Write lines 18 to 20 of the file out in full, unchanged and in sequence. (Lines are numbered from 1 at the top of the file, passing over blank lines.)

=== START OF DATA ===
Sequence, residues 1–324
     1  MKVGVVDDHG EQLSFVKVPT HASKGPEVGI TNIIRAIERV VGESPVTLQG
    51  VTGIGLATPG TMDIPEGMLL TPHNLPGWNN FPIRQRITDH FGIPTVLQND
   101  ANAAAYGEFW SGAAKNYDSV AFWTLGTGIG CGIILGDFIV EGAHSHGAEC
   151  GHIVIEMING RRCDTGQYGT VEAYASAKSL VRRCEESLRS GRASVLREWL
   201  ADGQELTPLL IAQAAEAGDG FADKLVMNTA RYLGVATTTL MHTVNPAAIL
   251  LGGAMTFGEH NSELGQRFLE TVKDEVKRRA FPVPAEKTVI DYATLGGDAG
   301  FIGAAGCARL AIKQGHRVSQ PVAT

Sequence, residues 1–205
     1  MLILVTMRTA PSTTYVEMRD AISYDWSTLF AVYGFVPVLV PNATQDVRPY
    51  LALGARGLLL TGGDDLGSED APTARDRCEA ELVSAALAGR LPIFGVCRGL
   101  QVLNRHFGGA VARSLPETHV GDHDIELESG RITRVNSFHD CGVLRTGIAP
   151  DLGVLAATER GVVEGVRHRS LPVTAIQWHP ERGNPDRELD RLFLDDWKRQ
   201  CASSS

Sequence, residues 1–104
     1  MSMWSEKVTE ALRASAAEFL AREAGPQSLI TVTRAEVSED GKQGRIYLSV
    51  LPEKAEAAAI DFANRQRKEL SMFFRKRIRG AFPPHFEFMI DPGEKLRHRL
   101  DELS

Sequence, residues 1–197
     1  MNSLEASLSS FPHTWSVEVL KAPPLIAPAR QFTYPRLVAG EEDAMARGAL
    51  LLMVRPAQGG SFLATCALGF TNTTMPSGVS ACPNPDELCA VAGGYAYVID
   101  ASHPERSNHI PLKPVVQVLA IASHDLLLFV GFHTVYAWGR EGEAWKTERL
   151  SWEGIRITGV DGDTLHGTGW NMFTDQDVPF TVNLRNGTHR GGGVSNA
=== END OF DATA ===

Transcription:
   101  DELS

Sequence, residues 1–197
     1  MNSLEASLSS FPHTWSVEVL KAPPLIAPAR QFTYPRLVAG EEDAMARGAL